ABC Tips for Beginners – Part 2 (2-minute read)
So previously, we were talking about how to fast track your Pilates training result. Have you started practicing your Pilates breathing? And, how was it? If you haven’t begun, go back to the previous blog entry to find out why it is so important to practice breathing as your Pilates homework and where to begin. Here ‘s the link: https://www.mindfulpilates.com.hk/en/pages/resources/blog/abc-tips-for-beginners.html
After getting the hang of Pilates breathing, let’s take a look at alignment and posture.
We are training our body towards good proprioception of body alignment if we have developed a good habit in holding up our body correctly for everyday activities. Then, it would be a lot easier for us to transpose that to keeping good alignment and posture for other activities.
In the Pilates ABC, A represent alignment. It is the foundation prior good breathing and centering. To practice your breathing and centering correctly, our body must be align in the right places. Good alignment reduces joint pressure and brings our body in the best structural set up for performing movement patterns that our musculoskeletal system is designed for. Apart from that, our joints will be able to move with the optimal range healthily and cheating movements are less likely to take place (i.e. using another muscle group to perform the movement). So practicing Pilates with correct alignment could strengthen our body and correct our posture. On the contrary, practicing Pilates without good alignment would increase the chance of injuries and indeed make the postural condition worse.
Therefore, it is important to reinforce appropriate posture before and throughout every exercise, whether it be standing, seated or lying on the mat. In a typical Mindful Pilates class, you would often notice the following key areas to be addressed:
1. Neutral Spine
2. Neutral Pelvis
3. Neck alignment
4. Shoulder stabilisation
5. Leg alignment
6. Engagement of the pelvic floor muscles
Understanding physical movements without good alignment could develop bad movement habits, misuse of muscle groups, and increase the risk of injuries. How could we prepare ourselves then? And what is the correct alignment?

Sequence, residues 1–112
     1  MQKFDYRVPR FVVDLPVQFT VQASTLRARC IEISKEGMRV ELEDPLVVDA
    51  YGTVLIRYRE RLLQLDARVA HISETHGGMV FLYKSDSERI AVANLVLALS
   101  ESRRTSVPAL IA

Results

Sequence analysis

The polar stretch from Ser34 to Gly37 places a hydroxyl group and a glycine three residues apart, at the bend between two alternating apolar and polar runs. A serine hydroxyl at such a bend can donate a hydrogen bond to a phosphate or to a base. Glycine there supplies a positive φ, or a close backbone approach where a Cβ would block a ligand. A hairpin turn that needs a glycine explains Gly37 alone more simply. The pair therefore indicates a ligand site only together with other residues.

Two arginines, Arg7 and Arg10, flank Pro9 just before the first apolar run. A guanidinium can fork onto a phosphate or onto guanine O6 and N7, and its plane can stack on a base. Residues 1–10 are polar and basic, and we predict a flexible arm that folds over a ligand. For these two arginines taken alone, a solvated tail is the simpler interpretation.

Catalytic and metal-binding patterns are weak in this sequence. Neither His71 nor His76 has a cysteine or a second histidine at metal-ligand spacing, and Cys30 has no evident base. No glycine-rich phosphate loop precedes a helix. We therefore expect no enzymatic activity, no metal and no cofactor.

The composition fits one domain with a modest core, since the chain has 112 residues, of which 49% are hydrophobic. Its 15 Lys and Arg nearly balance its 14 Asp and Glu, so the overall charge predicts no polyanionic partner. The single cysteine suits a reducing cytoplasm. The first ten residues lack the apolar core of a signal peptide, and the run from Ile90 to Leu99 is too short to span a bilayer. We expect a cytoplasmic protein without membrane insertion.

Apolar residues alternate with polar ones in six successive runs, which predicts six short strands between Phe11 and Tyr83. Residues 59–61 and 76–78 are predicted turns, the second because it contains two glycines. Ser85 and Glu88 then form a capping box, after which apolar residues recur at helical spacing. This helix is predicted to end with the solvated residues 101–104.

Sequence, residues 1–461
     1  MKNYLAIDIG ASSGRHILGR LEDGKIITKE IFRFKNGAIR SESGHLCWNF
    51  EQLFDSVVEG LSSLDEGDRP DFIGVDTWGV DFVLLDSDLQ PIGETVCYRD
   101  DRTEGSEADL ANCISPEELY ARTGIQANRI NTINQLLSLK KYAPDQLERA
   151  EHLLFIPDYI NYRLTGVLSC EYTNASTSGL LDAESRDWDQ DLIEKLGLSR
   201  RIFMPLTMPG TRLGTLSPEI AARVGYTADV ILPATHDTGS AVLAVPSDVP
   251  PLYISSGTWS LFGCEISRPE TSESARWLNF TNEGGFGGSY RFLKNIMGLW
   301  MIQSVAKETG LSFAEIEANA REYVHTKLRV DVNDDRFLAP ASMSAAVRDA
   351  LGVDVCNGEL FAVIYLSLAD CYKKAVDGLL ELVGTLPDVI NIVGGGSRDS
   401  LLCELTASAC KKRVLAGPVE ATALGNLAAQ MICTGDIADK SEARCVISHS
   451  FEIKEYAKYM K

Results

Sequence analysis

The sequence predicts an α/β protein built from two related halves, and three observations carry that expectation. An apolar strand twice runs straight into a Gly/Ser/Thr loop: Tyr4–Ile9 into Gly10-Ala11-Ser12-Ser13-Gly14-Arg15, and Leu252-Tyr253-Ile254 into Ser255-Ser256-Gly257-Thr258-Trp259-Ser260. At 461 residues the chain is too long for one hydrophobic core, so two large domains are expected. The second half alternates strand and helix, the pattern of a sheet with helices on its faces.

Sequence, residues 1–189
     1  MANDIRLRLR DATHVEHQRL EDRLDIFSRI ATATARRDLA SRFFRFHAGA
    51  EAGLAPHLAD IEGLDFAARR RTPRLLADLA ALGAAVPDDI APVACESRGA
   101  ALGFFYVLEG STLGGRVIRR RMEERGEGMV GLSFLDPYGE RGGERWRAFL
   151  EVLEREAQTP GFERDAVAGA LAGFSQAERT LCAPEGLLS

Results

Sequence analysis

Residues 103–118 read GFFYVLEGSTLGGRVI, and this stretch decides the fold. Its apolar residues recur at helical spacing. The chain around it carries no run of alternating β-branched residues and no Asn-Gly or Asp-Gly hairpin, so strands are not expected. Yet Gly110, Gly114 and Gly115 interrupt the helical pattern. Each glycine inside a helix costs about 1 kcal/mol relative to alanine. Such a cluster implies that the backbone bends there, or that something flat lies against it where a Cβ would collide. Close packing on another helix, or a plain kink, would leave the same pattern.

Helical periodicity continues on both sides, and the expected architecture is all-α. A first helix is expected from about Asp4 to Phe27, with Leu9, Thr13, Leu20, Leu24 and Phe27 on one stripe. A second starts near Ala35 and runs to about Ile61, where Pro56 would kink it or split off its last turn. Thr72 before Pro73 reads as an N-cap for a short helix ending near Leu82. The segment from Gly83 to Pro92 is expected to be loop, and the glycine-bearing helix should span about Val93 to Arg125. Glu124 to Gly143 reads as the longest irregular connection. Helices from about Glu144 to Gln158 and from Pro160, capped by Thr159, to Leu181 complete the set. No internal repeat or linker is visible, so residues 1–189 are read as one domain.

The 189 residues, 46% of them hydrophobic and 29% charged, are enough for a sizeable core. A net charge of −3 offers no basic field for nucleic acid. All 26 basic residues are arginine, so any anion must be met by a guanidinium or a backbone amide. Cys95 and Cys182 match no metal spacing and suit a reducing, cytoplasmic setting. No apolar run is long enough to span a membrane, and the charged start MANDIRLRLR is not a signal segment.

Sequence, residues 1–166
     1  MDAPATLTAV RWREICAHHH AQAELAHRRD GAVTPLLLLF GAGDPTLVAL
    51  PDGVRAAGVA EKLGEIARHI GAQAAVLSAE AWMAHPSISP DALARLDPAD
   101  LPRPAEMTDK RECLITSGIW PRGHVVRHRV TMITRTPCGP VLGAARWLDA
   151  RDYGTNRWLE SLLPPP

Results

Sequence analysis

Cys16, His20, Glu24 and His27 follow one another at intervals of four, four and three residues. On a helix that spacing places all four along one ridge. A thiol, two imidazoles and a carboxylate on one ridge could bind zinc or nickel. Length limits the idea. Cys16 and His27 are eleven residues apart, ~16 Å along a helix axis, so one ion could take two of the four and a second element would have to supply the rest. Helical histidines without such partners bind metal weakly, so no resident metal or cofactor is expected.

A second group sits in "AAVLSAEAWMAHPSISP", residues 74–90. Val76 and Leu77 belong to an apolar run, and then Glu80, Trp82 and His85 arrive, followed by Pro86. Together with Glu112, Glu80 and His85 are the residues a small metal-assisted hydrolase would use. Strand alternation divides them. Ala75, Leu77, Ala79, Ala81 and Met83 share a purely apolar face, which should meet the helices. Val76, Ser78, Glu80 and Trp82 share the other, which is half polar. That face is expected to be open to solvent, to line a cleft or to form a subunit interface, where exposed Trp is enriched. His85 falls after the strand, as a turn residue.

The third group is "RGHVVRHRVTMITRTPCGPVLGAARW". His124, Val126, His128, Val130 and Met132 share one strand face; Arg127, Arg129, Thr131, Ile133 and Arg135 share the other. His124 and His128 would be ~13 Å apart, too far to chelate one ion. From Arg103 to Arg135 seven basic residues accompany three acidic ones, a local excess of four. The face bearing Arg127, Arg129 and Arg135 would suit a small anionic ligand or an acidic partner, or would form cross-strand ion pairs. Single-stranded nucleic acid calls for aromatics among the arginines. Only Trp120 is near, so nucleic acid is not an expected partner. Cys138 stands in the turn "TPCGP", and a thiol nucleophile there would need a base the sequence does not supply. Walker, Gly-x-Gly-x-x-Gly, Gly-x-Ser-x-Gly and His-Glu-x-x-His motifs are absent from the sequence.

Continue reading this short article on alignment extracted below for your reference: It is found from https://www.futurefit.co.uk/pilates/resources/a-z-of-pilates/a-z/2014/09/08/a-is-for-alignment-(postural)/
Posture experts have described ideal alignment in terms of the location of body parts used as landmarks, relative to a vertical line that runs down through your centre. Ideal postural alignment causes the least amount of musculoskeletal pain and strain.
In a standing position, side view, visualise the plumb line:
· Tip of the ear is aligned with the shoulder joint, with the chin parallel to the floor
· The line should pass down through the lumbar curve just posterior to the hip joint
· It should pass anterior to the knee joint and slightly anterior to the ankle
Plumb line points during side view in neutral or ideal alignment:
· Ear lobe
· Bodies of cervical vertebrae
· Shoulder joint – tip of the shoulder blades
· Bodies of the lumbar vertebrae
· Slightly posterior of the hip joint (through the greater trochanter of the femur)
· Slightly anterior of the centre of the knee joint
· Slightly anterior of the lateral malleolus (ankle bone)
Imagine you are creating footprints in the sand and that your feet are like a tripod with the weight evenly balanced over both feet and evenly across the toes and heels. Imagine you have a golden thread on the top of your head and it is drawing you upwards, lengthening your spine.
- Karen Leung, Head of Pilates at Mindful Pilates in Central Hong Kong